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Acting Emotions
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Table of Contents

Contents - 6[-]Acting Emotions - An American Context Preface by David Chambers - 9[-]1 Acting emotions: Introduction - 14[-]1.1 Introduction: Does Dustin Really Cry? What About Meryl? - 14[-]1.2 Editing Acting Emotions - 15[-]1.3 What This Book is About: Acting and Emotions - 16[-]1.4 What This Book is Not About: Limiting the Subject - 18[-]1.5 Acknowledgments - 20[-]2 The Paradox Considered - 22[-]2.1 Introduction: From Paradox to the Actor's Dilemma - 22[-]2.2 Diderot's Paradoxe - 23[-]2.3 A Short History of Paradoxe sur le Com dien - 25[-]2.4 Problematic Terms - 30[-]2.5 The Actor's Dilemma - 31[-]2.6 Levels of Enactment and Emotions - 34[-]2.7 Summary - 35[-]3 Acting Styles - 37[-]3.1 Introduction: Different Views on Acting - 37[-]3.2 The Style of Involvement - 37[-]3.3 The Style of Detachment - 40[-]3.4 The Style of Self-Expression - 42[-]3.5 Solutions for the Dilemma - 46[-]3.6 Acting Tasks - 48[-]3.7 Emotions of the Actor-Craftsman - 52[-]3.8 Actor and Audience - 54[-]3.9 Summary - 55[-]4 Emotions and Acting - 57[-]4.1 Introduction: General Human Emotions - 57[-]4.2 Sadness is Contained in the Situation - 57[-]4.3 The Emotions of Characters - 59[-]4.4 Task-Emotions and Task Concerns - 62[-]4.5 Components in the Task Situation - 65[-]4.6 A Precarious Balance - 68[-]4.7 Impulses and Control Precedence - 71[-]4.8 Expressions of Task-Emotions - 73[-]4.9 Regulation by Design - 76[-]4.10 Summary - 78[-]5 Imagination and Impersonation - 80[-]5.1 Introduction: Character Representation - 80[-]5.2 Acting Character-Emotions - 81[-]5.3 Involving Oneself in Characters-Emotions - 85[-]5.4 Opposing Concerns, Components, and Impulses - 89[-]5.5 Spontaneous and Imagined Emotions - 94[-]5.6 Believability of Emotional Expressions - 97[-]5.7 Imitation and Physiological Reactions - 99[-]5.8 Double Consciousness During Acting - 102[-]5.9 Summary - 103[-]6 Actors in Practice - 105[-]6.1 Introduction: From Theory to Practice - 105[-]6.2 Overview of Field Studies with Actors - 105[-]6.3 The Questionnaire Mixed Feelings - 112[-]6.4 Hypotheses and General Expectations - 112[-]6.5 Research Method - 115[-]6.6 From Theory to Questionnaire - 117[-]6.7 Structure of the Questionnaire - 118[-]6.8 Summary - 122[-]7 Professional Actors, Emotions, and Performing Styles - 124[-]7.1 Introduction: Assimilating the Answers - 124[-]7.2 Characteristics of Responding Actors and Performances - 125[-]7.3 Emotions Pretended on Stage - 127[-]7.4 Emotions of Actors and Characters - 130[-]7.5 Acting Styles and Emotions - 132[-]7.6 Professional Actors and Task-Emotions - 135[-]7.7 Emotions, Impulses, and Physical Reactions - 138[-]7.8 Personal Acting Styles and Acting Styles of Top Actors - 141[-]7.9 Preparation, Public, and Believability - 143[-]7.10 Summary - 145[-]8 Actors Have Emotions and Act Emotions - 147[-]8.1 Introduction: Development of Theory on Acting Emotions - 147[-]8.2 Evaluation of the Research Method - 148[-]8.3 Actors Have Task-Emotions - 151[-]8.4 Actors Act Character-Emotions - 153[-]8.5 The Function of Task-Emotions - 155[-]8.6 Aspects of Acting Styles - 158[-]8.7 A Model of the Acting Process - 162[-]Notes - 165[-]References - 178[-]Appendix - 194[-]Glossary - 196[-]List of Illustrations - 202[-]Index - 204[-]About the Author - 210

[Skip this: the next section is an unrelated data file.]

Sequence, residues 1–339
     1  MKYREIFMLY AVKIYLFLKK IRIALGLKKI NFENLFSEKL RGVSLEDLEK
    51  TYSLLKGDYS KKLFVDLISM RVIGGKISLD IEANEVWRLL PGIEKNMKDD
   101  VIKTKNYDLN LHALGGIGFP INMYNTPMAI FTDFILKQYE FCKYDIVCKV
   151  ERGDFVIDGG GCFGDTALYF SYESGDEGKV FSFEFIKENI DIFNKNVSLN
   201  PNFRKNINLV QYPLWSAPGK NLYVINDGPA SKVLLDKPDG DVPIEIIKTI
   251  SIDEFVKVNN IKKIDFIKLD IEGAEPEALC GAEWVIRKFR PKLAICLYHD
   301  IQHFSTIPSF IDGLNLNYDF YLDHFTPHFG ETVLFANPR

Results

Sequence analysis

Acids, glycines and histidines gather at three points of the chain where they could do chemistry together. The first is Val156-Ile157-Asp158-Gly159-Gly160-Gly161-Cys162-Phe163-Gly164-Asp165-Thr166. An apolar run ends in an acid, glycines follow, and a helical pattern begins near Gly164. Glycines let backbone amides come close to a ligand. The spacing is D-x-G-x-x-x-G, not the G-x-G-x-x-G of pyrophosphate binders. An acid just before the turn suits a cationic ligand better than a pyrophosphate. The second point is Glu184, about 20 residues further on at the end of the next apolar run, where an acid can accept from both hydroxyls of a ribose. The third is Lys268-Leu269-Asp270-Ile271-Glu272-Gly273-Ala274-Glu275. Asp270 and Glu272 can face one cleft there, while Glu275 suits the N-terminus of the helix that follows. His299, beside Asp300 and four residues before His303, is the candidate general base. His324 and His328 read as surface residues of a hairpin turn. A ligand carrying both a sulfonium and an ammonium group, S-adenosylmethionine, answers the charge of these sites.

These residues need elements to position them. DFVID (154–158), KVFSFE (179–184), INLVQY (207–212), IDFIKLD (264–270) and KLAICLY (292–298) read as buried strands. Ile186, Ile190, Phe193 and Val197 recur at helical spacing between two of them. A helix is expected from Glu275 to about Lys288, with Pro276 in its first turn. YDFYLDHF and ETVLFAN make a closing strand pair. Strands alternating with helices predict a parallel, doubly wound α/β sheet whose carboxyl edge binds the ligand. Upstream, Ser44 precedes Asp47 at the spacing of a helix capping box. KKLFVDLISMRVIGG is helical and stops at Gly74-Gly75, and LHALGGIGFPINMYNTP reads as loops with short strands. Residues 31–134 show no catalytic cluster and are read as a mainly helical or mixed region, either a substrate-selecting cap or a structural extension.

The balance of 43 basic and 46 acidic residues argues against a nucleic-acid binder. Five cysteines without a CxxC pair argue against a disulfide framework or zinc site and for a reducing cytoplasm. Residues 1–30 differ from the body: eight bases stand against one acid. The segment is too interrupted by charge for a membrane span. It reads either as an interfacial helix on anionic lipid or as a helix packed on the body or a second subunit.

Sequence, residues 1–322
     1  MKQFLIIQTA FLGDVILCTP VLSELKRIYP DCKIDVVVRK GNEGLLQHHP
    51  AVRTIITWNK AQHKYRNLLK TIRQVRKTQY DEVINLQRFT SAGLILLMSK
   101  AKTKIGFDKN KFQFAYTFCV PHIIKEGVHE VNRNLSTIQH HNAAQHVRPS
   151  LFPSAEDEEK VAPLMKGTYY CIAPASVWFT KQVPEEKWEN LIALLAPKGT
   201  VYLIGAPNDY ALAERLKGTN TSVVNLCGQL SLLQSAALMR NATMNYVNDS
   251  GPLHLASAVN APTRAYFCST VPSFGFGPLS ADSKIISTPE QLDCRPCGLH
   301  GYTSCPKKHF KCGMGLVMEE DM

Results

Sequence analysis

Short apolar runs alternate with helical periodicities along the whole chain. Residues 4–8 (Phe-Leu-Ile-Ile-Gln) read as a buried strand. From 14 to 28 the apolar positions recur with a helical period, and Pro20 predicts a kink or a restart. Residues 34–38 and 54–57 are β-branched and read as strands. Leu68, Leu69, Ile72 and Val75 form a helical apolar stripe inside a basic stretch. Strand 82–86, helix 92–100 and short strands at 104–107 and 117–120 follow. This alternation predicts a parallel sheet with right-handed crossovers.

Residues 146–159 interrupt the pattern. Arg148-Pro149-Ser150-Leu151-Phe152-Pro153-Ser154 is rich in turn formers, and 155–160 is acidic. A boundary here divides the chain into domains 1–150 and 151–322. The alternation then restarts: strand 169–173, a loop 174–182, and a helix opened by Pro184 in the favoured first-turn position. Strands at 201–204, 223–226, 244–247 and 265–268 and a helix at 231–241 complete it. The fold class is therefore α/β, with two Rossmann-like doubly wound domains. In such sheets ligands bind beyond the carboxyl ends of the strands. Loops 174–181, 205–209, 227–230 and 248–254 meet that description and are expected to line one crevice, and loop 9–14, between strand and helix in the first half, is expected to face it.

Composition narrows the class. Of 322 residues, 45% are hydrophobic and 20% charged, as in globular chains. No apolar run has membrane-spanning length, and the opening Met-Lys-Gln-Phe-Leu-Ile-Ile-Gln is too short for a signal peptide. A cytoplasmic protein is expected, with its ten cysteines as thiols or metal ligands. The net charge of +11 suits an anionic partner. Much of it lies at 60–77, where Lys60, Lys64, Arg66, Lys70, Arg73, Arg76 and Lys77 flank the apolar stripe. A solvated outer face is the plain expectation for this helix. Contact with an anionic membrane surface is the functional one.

About the Author

Elly Konijn (1959) did her doctoral research at the Department of Theatre, Film, and Television Studies at the University of Utrecht, in cooperation with the Psychology Department at the University of Amsterdam. She is currently a university teacher at the University of Utrecht.

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